Janine De Greef, who has died aged 95, was one of the few surviving heroines of the Comète escape line that helped more than 300 shot-down Allied airmen to evade capture by the Germans and escape across the Pyrenees into Spain.
Janine De Greef was born in Brussels on September 25 1925 and educated in the city. Her father, Fernand, was a linguist and businessman and her mother Elvire worked for the newspaper L’Indépendance Belge.
When the Germans invaded the Low Countries on May 10 1940, 14-year-old Janine escaped with her parents, her grandmother and her older brother Freddie in a convoy of cars, with other members of the newspaper who hoped to continue publishing it in a free zone.
The family’s plan was to sail from the south of France to the US, but instead they ended up in Biarritz renting a house, “Villa Voisin”, in the countryside outside the small town of Anglet.
Albert Johnson, an English friend of the De Greefs who had travelled in the convoy from Brussels, declined his ticket to England and stayed with the family throughout the war. In due course he became an important member of “le Réseau Comète”, the Comet Line, in the south west of France.
The Belgian-run escape line had become established in the late summer of 1941 and the De Greef family became the key elements of its southern sector. In October 1941, the first of over 300 evaders passed through the De Greef house, with arrangements made by Janine’s parents (code-named Tante Go and Oncle Dick) to smuggle them across the Pyrenees into Spain, where British agents of MI9 received them.
The organisation of that crucial southern end of the line became a family affair. The local authority employed Janine’s father as a translator with the German occupiers, and he was responsible for billeting soldiers and evacuees in the area.
This enabled him to obtain documentation for the evaders. He was also the official passport photographer. Freddie, her brother, was an excellent artist who forged the official stamps and often acted as a guide.
Janine’s mother, Tante Go, set up, with others, a network of “safe houses” in the region and arranged Basque mountain guides, among them some smugglers. Her contacts with smugglers led to her discovering the involvement of some German officers in the illicit business, which gave her useful blackmailing power over them.
As a young and pretty girl with an air of innocence, Janine could escort groups of evaders without raising suspicion, accompanying them on train journeys from Paris to Anglet via Bayonne.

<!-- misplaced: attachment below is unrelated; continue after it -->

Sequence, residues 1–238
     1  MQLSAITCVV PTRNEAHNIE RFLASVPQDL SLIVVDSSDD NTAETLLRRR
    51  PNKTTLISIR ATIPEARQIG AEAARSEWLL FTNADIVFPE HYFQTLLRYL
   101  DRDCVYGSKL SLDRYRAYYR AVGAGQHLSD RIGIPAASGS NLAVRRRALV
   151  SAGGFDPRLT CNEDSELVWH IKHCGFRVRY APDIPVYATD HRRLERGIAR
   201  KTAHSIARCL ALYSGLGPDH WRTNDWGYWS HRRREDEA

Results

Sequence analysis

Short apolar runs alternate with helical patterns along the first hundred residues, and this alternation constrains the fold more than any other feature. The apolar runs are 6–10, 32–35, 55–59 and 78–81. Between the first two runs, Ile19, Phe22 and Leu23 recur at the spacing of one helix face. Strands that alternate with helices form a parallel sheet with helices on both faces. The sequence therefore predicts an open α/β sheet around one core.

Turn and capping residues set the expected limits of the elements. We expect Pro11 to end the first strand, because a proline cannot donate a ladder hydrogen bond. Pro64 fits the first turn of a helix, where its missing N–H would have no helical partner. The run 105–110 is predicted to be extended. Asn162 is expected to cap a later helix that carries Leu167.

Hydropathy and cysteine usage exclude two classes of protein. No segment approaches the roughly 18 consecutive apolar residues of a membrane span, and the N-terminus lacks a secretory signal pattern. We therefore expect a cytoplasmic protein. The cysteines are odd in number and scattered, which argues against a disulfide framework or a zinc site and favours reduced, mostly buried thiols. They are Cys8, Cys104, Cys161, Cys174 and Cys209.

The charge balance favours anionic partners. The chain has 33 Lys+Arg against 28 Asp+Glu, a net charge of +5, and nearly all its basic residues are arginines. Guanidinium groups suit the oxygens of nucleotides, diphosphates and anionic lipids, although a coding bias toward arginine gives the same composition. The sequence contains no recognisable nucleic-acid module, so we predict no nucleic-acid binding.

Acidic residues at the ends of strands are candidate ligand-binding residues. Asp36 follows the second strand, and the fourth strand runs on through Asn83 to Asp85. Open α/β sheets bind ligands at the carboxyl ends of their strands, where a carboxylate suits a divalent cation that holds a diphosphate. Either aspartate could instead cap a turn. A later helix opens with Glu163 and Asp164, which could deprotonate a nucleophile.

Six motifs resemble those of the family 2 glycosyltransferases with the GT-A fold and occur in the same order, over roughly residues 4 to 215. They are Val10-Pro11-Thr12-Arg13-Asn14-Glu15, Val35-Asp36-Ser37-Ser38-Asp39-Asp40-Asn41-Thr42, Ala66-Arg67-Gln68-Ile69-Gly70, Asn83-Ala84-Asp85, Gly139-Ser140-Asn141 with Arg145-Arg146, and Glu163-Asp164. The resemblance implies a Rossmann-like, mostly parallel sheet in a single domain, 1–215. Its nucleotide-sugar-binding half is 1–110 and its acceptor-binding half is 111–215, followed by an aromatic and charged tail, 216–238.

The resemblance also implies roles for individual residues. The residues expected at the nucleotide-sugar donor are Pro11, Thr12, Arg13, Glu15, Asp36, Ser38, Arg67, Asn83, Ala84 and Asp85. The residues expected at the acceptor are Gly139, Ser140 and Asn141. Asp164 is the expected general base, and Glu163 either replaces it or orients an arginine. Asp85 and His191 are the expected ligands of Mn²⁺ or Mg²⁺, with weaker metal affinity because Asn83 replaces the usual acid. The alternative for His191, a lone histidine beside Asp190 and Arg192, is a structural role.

Bob Frost, a rear gunner in Wellington bombers, told of one occasion in 1942 when she was the sole escort in a train compartment full of evaders, when an American stood up and, unthinkingly speaking English, offered his seat to a lady in the corridor . Janine handled the risky situation with skill and maturity, and the incident passed without trouble.
Her main work was in the region between Villa Voisin and the dangerous border zone. On some 30 occasions she took evaders from Bayonne to the “Last House”, a safe house close to the Spanish border, using a local train before walking or cycling the final miles.
She also made longer trips to the border to deliver evaders to a rendezvous with the Basque guides. The use of so many bicycles for the final phase caused a large build-up after the evaders had left for the mountains, and disposing of them became a serious problem.
After a number of significant betrayals, leading to executions, by which time 106 evaders had crossed the Pyrenees, the Comet Line was in danger of collapsing. But by the combined efforts of the De Greef family and Albert Johnson, it was able to recover and continue until the Allied landings in June 1944, when a further 200 airmen had successfully crossed into Spain.
At this time, the key members of the network were at risk of being arrested by the Germans, so MI9 instructed the De Greefs and others to escape to Spain. Tante Go refused to leave her mother, however, so remained in France.
Janine De Greef crossed the mountains with three other young female helpers and her brother, and they travelled to Madrid before being flown to England. Once the whole of France had been liberated, she returned, initially to Biarritz.
After the war, she again took up residence in the family apartment in Brussels, and worked for the British embassy as a commercial attache.
Tante Go was awarded the George Medal, but always insisted that it was an honour for the whole De Greef family. Janine was awarded the King’s medal for Courage in the Cause of Freedom, the US Medal of Freedom, and the Belgian and French awards for gallantry.
A kind and charitable person, Janine loved travel and had a deep interest in all religions. She maintained a detailed archive of Second World War memorabilia, but deeply regretted the loss of the ‘little black books’, the family records of the Comete, which were stolen.
She made many visits to England to attend meetings of the RAF Escaping Society and its successor, the Escape Lines Memorial Society; at these she was reunited with many of the airmen she had helped.
Janine de Greef was unmarried.
Janine De Greef, born September 25 1925, died November 7 2020
See also the obituary in the Washington Post.